“Priest” is a study of irony. In this controversial look at the modern Catholic church, those who do the “right” thing often get it wrong. Those who have the day-to-day plight of their parishioners most at heart often are at odds with church doctrine.
And those who so heedlessly adhere to that doctrine usually end up doing the most harm to the very followers they serve.
It should come as no surprise then that “Priest” has aroused a furor. The outcry forced Miramax Films, the arm of Disney Studios that is distributing the movie in the United States, to move it back from its original Good Friday opening date.
And, to be sure, some Catholics are going to be upset by all “Priest” has to say. After all, it has little good to say about the church itself. From the opening frames, Bird and screenwriter Jimmy McGovern portray church leaders as callous martinets who toss out those churchmen who are no longer useful, emphasize church dogma at the expense of people, encourage intolerance and exude hypocrisy.
As for the characters with whom we are supposed to sympathize, one is living with his housekeeper and the other is gay.
What’s interesting about “Priest” is that the film presents these situations straightforwardly. And, actually, for much of its run, it downplays the sexual natures of the protagonists and concentrates on another traditional church problem: the sanctity of the confessional.
Briefly stated, “Priest” involves Father Greg Pilkington (Linus Roache), a young cleric come to do his time in the urban harshness of northern England. He is assistant to Father Matthew Thomas (Tom Wilkinson), and no two men could be further apart.
Whereas Matthew is a classic liberal, filling his church with the sounds of South American musicians and preaching the need for tolerance, Greg is a by-the-book scholar: “There is only sin, Matthew,” he says. All the rest, he asserts, is illusion.
But Greg’s arrogance begins to crack as he is forced to face the effects of that “illusion” face to face. Doors get slammed in his face, his attempts to bring a sense of church sanctity to a drunken wake are ignored and, worst of all, he discovers that he hasn’t courage enough to face true evil when it rears its ugly head.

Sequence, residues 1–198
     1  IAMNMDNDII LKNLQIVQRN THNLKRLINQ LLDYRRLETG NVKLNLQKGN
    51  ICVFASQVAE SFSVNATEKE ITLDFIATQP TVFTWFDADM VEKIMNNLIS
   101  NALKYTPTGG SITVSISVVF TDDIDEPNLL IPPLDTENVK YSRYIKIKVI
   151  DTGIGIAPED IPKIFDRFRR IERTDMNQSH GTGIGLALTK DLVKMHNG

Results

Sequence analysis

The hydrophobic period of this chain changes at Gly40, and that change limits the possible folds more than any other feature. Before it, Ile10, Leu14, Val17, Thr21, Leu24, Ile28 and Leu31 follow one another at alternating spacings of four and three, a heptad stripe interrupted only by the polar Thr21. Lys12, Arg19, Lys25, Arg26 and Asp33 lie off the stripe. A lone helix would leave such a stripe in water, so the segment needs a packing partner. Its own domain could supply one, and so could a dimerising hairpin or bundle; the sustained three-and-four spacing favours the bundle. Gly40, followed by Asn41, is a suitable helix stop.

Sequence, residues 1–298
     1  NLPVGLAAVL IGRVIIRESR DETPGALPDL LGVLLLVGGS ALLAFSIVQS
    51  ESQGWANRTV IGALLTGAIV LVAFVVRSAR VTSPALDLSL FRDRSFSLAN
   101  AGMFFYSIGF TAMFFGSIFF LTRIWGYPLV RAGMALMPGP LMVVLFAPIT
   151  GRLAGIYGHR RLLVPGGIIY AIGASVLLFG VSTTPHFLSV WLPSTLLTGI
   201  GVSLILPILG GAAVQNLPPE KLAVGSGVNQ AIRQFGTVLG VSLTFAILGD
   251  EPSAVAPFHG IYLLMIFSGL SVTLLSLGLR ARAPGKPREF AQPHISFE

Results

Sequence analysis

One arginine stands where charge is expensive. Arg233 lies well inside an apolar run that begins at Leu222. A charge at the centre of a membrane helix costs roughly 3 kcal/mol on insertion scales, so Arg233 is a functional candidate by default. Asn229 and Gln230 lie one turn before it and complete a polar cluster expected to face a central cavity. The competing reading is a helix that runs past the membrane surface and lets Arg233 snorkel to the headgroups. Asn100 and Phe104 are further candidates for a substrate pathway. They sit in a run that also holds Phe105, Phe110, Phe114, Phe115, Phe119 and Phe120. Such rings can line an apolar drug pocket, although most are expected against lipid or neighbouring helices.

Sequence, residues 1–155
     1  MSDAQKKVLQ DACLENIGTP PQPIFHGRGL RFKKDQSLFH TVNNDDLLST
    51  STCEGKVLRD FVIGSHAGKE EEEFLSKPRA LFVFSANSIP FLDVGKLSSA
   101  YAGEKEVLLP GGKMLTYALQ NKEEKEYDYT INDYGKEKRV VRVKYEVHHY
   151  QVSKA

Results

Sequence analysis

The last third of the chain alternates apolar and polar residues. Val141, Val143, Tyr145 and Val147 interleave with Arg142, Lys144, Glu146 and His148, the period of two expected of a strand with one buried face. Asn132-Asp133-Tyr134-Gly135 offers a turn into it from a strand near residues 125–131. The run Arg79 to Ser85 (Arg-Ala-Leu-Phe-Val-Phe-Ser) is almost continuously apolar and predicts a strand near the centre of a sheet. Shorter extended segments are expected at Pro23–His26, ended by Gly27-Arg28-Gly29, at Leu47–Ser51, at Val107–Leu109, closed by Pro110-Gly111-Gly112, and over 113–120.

And that moment comes when, during confession, he learns a dreadful secret that involves raging sociopathy and the corruption of innocence.
It all adds up to a massive crisis of faith and, in Greg’s case, a public owning up to his own basic weaknesses and inherent hypocrisy.
The main problem with “Priest” is that, fueled with the righteous fervor of a “recovering” Catholic, it tries to do too much. The stirring hymn-like “When You Walk Alone,” for example, twice accompanies trying scenes of on-screen suffering.
And every possible argument for and against church rules, history and theological intent are examined, from both sides. A scene near the end even has two characters engaging in a duel of biblical scripture.
But there is a certain power to the process, especially in the hands of director Bird. Whether it is a furious father’s face framed in a confessional booth, two men lip-locking with passion or a grim-faced priest spouting Latin as if it were a curse, Bird’s camera smoothly captures the image.
And the acting is uniformly good, from both Roache and Wilkinson, of course, but also Cathy Tyson as the understanding housekeeper, Lesley Sharp as an unsuspecting mother, Robert Pugh as a father whose desires run to incest and Christine Tremarco as Lisa, a schoolgirl who suffers the worst kind of sexual betrayal that a child can face.
It is Lisa who, in the end, represents Father Greg’s chance at redemption. And that is fitting.
For when all is said and done about the “trappings of power,” obligations of office and personal culpability, it is the fate of the children that ultimately is at stake.
That, at least, is one thing we should all be able to agree on - without a hint of irony to foul the waters, holy or otherwise.
, DataTimes ILLUSTRATION: Photo
MEMO: This sidebar appeared with the story: “Priest” *** Location: Magic Lantern Cinemas Credits: Directed by Antonia Bird, starring Linus Roache, Tom Wilkinson, Cathy Tyson, Robert Carlyle and Christine Tremarco. Running time: 1:43 Rating: R